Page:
What happens if I re-install WinXP? I do that about once a year. I guess it would be easy to reinstall Grub to the MBR after a re-install overwrites it... Especially if I keep one of those Grub floppies you wrote about. :-) I sure do wish I knew as much as you do about booting processes... But the next best thing is, you are here and so willing to share your knowledge!!!
There is nothing to corrupt. Both XP and Linux or any system compete for the MBR or the first 512 bytes of the bootable disk, only because that is what the BIOS reads every time the machine is switched on.
If you put XP in the MBR it takes a fair bit of effort to multi-boot, relative to the work needed with Grub or Lilo.
Basically XP need the first 512 bytes of a Linux boot loader copied, stored into "C" and amend its hidden boot.ini to include entry of the Linux. If the user choses Linux to boot then XP's NTLDR just puts Linux's stage1 (or first 512 byes) of it boot loader in memory and disappears for holiday.
Grub in MBR does nearly the same but a lot neater. It has a command interpretor for accept instructions, line by line from a user, to execute a booting process manually. It can hunt down every partition withouttouching the other' system's boot loader. What an average user normally does is to put the commands in a batch file or a script called /boot/grub/menu.lst so that Grub just goes ahead to obey it. Grub also pull XP into memorry at the +1 position.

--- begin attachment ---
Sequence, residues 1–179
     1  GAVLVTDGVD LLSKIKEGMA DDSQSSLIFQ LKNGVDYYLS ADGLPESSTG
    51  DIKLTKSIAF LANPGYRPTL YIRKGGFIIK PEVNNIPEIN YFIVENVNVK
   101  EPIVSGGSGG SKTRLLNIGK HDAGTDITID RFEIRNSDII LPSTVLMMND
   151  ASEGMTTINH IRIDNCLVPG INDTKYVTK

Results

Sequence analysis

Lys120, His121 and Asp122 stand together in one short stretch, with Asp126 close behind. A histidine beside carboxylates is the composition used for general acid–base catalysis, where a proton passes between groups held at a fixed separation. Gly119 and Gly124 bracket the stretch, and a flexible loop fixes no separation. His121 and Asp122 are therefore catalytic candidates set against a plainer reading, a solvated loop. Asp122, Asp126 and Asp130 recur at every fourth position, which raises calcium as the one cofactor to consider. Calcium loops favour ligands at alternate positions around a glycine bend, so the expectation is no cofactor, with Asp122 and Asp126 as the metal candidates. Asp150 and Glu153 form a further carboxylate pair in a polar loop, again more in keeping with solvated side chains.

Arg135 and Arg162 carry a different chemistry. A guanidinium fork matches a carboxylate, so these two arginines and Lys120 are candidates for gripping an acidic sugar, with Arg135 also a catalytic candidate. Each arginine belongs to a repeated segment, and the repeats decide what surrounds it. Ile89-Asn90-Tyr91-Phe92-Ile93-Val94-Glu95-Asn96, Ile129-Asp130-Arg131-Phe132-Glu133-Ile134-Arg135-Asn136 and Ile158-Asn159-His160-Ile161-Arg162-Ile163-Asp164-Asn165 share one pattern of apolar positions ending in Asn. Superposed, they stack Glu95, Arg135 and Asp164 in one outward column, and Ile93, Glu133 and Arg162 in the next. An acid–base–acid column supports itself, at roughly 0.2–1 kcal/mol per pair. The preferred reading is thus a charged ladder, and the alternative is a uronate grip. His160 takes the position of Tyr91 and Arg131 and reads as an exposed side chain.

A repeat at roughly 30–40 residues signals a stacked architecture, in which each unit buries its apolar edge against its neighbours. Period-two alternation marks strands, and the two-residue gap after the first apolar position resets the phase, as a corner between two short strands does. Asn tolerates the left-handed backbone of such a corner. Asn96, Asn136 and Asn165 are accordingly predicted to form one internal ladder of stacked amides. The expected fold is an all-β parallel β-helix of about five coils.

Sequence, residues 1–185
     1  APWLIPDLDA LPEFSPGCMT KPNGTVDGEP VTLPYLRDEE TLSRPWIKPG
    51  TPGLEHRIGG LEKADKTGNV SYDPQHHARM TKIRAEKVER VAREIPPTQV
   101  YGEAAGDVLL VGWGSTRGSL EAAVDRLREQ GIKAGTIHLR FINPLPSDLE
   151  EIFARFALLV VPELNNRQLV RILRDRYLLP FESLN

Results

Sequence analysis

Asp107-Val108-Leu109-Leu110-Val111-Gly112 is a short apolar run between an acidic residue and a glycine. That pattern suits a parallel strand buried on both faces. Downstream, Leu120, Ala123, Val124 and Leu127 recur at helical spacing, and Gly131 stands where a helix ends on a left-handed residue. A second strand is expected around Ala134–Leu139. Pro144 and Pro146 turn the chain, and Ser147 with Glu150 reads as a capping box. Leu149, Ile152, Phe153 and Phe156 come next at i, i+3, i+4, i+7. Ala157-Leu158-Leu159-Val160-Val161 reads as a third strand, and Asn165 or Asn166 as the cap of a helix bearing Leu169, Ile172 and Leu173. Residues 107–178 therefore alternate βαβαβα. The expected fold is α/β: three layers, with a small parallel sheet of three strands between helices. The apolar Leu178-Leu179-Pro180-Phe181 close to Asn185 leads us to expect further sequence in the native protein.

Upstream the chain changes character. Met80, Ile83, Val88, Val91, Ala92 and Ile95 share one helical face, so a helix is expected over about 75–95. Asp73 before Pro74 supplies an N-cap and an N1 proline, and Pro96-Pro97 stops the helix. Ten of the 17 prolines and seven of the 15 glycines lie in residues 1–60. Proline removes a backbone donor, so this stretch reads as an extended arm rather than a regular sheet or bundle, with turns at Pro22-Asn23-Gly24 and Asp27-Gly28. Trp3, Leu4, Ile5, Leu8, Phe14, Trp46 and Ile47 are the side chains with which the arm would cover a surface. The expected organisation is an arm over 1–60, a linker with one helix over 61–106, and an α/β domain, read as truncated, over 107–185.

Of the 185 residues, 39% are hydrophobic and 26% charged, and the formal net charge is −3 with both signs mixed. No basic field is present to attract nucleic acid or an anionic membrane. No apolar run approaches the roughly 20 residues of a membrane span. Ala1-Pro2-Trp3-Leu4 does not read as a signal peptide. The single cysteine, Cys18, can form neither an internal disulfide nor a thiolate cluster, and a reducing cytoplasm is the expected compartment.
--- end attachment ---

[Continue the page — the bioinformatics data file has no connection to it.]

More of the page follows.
There isn't much difference in the booting operation of all of them. You just need to know how to restore their MBR
XP's MBR can be restored by a DOS floppy (by fdisk /mbr)or an NT version of Windows installation CD (by fixmbr).
Linux's Lilo or Grub can be restored by any Linux Live CD or the installation CD. You boot up the CD's version of Linux, change root to the one that lost the MBR (command chroot) and replicate the boot loader in the MBR.
For Lilo you type lilo -b /dev/hda
For Grun you type grub-install /dev/hda
Therefore a user can afford to lose the MBR for any system without fear.
XP cannot be booted by M$'s own floppy. Lilo floppy only boots the version attached to a Linux. Grub is the only one that can be attached or deteched from a system. When detached from a system it can boot all systems in a PC. I am still search a system that can beat this Grub floppy.
Booting in Linux is actually very simple. Only Windows makes it complicated.